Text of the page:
In 1963, Sutherland became professor of physiology at Vanderbilt University School of Medicine in Nashville, Tennessee.[2] His position at Vanderbilt University allowed him to devote more time to his research. Sutherland continued his work on cyclic AMP, receiving financial support from the Career Investigatorship awarded to him by the American Heart Association in 1967. Sutherland held his teaching title at Vanderbilt University until 1973.[5]

Discovery of cyclic AMP

While working in Cori’s laboratory, Sutherland, with the help of his co-workers, made several discoveries concerning the mechanism of glycogen metabolism that, years later, led him to his discovery of the biological activity of cyclic AMP. Cori’s laboratory had previously established the basic mechanism of glycogen metabolism, for which they were awarded the Nobel Prize in Physiology or Medicine.[4] Sutherland helped to identify the importance of liver phosphorylase (LP) in the process of glycogenolysis. Of the three basic enzymes involved in glycogenolysis, Sutherland found that LP was rate-limiting, meaning that the progression of glycogen metabolism is dependent on this enzyme.[3] LP would become the subject of Sutherland’s research for the next several years, and it was through experimentation on LP and hormone interaction that Sutherland’s most renowned discovery was made.

After identifying the importance of LP, Sutherland moved his research efforts to Western Reserve University. There, he worked in collaboration with Ted Rall, Walter D Wosilait, and Jacques Berthet to publish a series of papers in the Journal of Biological Chemistry titled “The Relationship of Epinephrine and Glucagon to Liver Phosphorylase,” in four parts.[6][7][8][9] These four papers document the purification of LP and the analysis of several of its properties. First, it was determined that the enzymatic activity of LP depends on the addition or removal of a phosphate group, a process called phosphorylation.[8] In a later experiment, they demonstrated that more phosphate is taken up in liver slices when epinephrine and glucagon are added, suggesting that these hormones were promoting the phosphorylation of LP, activating the enzyme.[8] The results of a later paper in the series suggested that this phosphorylation and activation of LP was a result of the action of dephosphorlyase kinase.[9] This series also investigated the inactivation of liver phosphorylase and characterized an enzyme they initially called LP-inactivating enzyme, which functions by cleaving the phosphate group.[8] This enzyme was later renamed liver phosphorylase phosphatase.[9] These papers also characterized LP in terms of molecular weight and other factors. During their analysis, they found the unexpected result that LP activation increased with the addition of 5-AMP, which is a precursor of cAMP; however, this was not known at the time.[6]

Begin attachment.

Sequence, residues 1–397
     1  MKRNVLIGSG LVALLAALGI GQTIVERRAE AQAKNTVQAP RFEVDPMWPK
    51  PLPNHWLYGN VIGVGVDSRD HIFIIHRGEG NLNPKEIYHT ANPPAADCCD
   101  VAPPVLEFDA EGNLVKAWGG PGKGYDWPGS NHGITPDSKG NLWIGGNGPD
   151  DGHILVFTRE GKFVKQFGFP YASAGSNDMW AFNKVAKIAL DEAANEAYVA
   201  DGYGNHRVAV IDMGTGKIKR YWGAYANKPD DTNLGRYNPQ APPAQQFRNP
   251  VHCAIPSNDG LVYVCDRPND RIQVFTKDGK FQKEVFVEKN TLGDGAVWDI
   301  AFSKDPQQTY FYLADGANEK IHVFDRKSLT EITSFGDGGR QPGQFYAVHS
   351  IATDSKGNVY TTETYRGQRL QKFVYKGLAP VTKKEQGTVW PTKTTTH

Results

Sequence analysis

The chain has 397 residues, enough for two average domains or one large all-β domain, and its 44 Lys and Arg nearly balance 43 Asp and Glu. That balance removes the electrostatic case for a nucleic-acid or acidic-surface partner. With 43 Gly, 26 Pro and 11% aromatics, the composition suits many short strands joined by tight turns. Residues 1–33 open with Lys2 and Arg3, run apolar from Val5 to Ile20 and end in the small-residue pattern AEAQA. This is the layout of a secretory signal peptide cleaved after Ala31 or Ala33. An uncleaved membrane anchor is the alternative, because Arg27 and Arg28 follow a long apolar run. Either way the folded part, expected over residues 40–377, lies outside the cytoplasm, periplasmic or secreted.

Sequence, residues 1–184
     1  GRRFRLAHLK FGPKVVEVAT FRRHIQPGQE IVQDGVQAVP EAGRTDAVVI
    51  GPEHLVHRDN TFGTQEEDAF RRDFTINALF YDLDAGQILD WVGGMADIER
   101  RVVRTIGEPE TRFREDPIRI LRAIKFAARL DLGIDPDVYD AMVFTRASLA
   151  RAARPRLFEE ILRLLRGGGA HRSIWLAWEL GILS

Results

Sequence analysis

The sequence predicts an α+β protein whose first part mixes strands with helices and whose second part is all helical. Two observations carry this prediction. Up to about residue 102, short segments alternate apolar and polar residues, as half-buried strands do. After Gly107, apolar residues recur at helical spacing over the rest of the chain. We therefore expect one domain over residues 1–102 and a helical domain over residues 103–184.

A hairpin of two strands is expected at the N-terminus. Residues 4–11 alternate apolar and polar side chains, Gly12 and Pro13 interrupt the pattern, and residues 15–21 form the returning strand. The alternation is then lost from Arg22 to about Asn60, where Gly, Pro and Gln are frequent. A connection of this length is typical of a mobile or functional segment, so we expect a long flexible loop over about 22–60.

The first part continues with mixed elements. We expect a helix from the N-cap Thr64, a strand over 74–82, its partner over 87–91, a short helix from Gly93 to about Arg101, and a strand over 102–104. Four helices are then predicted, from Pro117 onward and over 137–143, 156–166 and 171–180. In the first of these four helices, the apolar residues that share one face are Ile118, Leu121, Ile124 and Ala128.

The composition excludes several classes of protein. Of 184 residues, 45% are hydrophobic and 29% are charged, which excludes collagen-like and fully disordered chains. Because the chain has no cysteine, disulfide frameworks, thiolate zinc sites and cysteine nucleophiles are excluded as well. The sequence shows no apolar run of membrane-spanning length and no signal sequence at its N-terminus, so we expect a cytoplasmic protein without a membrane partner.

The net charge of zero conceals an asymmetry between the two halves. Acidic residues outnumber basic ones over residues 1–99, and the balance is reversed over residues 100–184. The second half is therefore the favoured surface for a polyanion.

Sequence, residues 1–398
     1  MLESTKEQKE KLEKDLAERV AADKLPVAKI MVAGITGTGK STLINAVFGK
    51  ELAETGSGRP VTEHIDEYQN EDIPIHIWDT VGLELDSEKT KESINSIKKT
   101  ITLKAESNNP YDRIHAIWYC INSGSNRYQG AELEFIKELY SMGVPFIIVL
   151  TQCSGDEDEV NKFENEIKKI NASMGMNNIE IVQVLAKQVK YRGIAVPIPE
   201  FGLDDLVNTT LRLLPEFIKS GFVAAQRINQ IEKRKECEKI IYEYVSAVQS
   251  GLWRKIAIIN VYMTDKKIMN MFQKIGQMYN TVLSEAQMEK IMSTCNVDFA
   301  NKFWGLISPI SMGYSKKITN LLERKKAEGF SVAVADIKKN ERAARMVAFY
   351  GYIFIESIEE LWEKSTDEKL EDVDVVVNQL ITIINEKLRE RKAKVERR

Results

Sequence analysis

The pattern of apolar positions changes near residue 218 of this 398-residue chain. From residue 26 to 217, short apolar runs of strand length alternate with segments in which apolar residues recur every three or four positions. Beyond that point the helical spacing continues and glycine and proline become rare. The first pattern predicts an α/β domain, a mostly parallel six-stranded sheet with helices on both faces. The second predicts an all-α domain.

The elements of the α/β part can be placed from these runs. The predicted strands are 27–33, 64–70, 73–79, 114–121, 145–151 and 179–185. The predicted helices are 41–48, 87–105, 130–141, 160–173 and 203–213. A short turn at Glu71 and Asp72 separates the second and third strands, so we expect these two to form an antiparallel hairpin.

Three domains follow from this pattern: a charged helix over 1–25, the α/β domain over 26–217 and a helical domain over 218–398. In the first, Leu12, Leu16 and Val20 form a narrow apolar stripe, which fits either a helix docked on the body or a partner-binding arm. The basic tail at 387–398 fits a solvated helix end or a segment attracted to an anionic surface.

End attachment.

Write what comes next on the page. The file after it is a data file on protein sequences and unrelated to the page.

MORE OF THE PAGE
The fourth paper published in this series, entitled “The Relationship of Epinephrine and Glucagon to Liver Phosphorylase: IV Effect of Epinephrine and Glucagon on the Reactivation of Phosphorylase in Liver Homogenates”, came out in 1956 and was the most influential and groundbreaking of those released. In this paper, Sutherland and associates furthered their investigation of epinephrine and glucagon. The key to the success of this experiment was the use a homogenate of liver cells rather than intact liver cells, as they had been doing in their previous experiments.[9] The general consensus among researchers at that time was that the study of hormones was only possible using intact cells; this was the first instance that a hormone pathway was studied using a cell homogenate. Sutherland and his co-authors were able to observe similar effects in liver homogenate to what was observed in whole liver slices. More importantly, they were able to observe this response in two stages. This stage response was characterized by the particulate fraction producing an unknown heat stable factor in the presence of the hormones epinephrine and glucagon. This factor then stimulates the formation of liver phosphorylase in a fraction of the homogenate where the hormones are not present.[9] This unknown heat stable factor, which was produced in the presence of hormones and ultimately led to the secondary formation of liver phosphorylase, was later termed cyclic AMP.[10][11]